Some may be surprised to learn that a case canceled after induction is not the only cancelation scenario that provides an opportunity for reimbursement. The National Correct Coding Initiative (CCI) is a Medicare program that determines what services are deemed inclusive within a comprehensive service that is reflected by a single CPT code. In the introductory paragraphs associated with the Anesthesia section of the CCI’s Policy Manual, we find the following entry:
If a surgery is canceled, subsequent to the preoperative evaluation, payment may be allowed to the anesthesiologist for an Evaluation & Management (E&M) service and the appropriate E&M code may be reported. (A non-medically directed CRNA may also report an E&M code under these circumstances if permitted by state law.)
An E&M service is essentially akin to a doctor visit. Such services include documenting the following components: patient history, patient exam and medical decision-making (MDM).That is essentially what you are denoting whenever you generate your pre-anesthesia assessment. That acts as an E&M service, except that this service is typically bundled into the greater anesthesia service. However, if the anesthesia service is canceled prior to induction, all that is left is the pre-anesthesia assessment. That now becomes payable. It should be pointed out here that an issue could arise if the patient undergoes the procedure within the following few days. If that occurred, the previously performed assessment could be deemed bundled into the rescheduled anesthesia service.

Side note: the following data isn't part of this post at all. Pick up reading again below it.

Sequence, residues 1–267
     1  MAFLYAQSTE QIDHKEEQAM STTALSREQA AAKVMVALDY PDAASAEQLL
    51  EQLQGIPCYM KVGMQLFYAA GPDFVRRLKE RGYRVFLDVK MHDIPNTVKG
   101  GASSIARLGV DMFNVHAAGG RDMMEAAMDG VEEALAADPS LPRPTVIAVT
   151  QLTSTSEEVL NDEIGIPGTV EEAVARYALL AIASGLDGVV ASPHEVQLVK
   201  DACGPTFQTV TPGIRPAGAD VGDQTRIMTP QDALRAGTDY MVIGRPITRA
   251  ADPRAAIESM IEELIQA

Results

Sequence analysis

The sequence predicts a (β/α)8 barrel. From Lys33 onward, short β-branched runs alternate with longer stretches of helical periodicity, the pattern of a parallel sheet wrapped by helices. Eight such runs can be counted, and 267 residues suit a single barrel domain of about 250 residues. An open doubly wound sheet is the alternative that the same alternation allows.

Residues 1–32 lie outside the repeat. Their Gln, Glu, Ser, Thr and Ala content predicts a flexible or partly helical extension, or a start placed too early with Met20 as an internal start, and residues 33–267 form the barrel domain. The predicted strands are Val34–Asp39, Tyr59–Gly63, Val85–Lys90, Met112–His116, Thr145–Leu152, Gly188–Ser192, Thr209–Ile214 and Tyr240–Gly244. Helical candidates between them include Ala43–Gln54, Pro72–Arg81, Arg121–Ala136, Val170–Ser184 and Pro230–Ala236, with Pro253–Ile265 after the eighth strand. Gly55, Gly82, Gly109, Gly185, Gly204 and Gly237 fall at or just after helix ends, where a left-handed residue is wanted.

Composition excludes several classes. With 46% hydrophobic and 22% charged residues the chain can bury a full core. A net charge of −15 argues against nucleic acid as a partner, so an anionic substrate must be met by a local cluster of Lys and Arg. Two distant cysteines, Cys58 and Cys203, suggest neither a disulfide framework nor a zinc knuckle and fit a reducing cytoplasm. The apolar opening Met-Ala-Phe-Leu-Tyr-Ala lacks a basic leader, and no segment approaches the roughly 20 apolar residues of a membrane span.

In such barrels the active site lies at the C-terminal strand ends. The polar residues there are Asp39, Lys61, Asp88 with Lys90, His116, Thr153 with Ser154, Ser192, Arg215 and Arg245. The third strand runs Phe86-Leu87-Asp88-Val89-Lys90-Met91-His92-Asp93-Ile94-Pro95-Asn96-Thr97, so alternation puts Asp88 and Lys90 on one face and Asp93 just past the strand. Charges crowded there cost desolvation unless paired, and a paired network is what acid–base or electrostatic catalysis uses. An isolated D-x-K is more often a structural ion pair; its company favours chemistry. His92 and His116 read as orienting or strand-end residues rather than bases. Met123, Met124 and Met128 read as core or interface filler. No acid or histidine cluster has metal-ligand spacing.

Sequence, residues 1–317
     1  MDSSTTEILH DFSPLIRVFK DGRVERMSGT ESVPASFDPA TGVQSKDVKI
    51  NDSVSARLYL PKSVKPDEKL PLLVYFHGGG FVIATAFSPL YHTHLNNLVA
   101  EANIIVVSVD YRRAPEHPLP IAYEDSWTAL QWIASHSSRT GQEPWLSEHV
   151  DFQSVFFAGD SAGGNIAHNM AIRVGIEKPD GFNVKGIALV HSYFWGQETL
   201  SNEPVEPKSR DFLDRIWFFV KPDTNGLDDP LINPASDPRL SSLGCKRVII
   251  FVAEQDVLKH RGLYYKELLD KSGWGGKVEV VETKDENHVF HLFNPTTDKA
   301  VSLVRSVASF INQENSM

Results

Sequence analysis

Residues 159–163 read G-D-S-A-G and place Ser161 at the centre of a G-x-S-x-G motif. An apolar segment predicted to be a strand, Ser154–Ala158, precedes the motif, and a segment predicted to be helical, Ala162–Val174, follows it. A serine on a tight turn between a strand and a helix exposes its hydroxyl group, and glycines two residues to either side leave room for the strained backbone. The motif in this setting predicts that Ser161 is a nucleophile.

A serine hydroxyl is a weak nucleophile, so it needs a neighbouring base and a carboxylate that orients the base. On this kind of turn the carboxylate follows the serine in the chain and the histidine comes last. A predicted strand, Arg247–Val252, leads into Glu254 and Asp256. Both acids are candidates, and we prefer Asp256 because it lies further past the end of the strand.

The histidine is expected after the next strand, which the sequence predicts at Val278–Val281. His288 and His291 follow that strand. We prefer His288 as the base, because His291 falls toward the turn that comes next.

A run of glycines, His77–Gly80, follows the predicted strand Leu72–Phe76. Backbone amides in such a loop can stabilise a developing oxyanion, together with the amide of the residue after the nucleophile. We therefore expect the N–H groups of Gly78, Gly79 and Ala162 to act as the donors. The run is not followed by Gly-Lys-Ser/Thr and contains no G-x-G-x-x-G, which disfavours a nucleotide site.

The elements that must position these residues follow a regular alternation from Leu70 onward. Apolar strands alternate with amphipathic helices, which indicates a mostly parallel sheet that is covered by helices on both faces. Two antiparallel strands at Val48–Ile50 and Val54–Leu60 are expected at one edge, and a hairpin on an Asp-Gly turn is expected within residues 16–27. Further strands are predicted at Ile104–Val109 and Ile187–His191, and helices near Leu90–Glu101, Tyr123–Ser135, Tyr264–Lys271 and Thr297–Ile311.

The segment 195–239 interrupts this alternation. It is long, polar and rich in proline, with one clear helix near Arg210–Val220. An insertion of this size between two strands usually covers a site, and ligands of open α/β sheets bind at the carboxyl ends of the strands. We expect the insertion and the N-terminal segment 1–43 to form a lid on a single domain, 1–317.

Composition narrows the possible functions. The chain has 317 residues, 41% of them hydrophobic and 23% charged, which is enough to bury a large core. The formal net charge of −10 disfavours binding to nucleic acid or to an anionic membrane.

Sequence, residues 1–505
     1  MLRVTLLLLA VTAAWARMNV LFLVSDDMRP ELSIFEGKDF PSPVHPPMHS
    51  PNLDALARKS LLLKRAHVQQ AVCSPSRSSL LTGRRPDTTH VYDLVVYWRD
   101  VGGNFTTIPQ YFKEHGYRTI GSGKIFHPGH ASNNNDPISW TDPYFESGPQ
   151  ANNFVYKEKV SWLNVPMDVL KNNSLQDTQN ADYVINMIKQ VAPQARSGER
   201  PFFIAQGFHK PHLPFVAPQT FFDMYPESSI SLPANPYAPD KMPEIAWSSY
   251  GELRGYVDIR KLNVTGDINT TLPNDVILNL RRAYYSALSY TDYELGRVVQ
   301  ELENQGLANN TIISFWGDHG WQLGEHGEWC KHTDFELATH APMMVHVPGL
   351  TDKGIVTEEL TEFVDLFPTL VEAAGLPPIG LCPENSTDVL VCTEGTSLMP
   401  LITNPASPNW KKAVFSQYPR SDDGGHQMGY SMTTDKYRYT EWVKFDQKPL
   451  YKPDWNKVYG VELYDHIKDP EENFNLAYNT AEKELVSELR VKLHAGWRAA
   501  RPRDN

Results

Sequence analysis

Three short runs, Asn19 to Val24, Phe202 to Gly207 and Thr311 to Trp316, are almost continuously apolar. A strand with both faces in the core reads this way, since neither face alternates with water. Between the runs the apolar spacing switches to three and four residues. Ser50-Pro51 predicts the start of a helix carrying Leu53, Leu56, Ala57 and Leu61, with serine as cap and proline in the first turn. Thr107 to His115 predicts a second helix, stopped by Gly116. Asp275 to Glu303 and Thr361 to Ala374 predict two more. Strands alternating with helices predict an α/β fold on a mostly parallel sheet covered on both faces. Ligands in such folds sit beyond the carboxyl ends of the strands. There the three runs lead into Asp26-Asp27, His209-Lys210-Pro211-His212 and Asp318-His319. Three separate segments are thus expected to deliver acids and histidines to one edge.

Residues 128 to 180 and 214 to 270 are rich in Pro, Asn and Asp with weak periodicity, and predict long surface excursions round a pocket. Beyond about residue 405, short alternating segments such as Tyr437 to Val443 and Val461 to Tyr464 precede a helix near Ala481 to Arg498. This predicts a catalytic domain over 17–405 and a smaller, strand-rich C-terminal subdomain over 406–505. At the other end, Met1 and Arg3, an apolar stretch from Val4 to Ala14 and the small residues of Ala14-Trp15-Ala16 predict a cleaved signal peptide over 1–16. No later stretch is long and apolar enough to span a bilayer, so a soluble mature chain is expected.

Presumably, there will be no anesthesia record in this circumstance. Therefore, we will need you to send us your pre-anesthesia assessment so that we can determine what E&M code most appropriately reflects your assessment service. You would also need to indicate on the assessment that the case was canceled before induction, along with an explanation for the cancelation. If you are using an EMR (electronic record), this may be somewhat problematic as each EMR will have a different workflow—especially where a case is canceled before an anesthesia record is started. Accordingly, we encourage you to work with your group members and EMR IT staff to determine how to best notify the billing office about these pre-induction cancelations and how me might ultimately gain access to the pre-anesthesia assessment.
While not technically a canceled case, the incomplete colonoscopy scenario is somewhat analogous. Since this scenario does occur from time to time, we will briefly address it here. An incomplete (often termed, “aborted”) colonoscopy typically happens when the endoscopist is unable to place the scope to the fullest extent planned for the procedure. This is often due to an obstruction. In this eventuality, you can still get paid for the full base and time units; however, the surgical code (CPT) may change due to the limited procedure, which will further affect the modifier appended to the anesthesia (ASA) code.
What we need from you, from a documentation standpoint, is a description of the extent to which the scope was advanced before having to be pulled. There are three possible descriptions that we are looking for you to additionally list in the procedure field of the record that will help us more accurately code these types of abbreviated cases:
- Prior to splenic flexure
- To or beyond splenic flexure, but not to cecum
- To cecum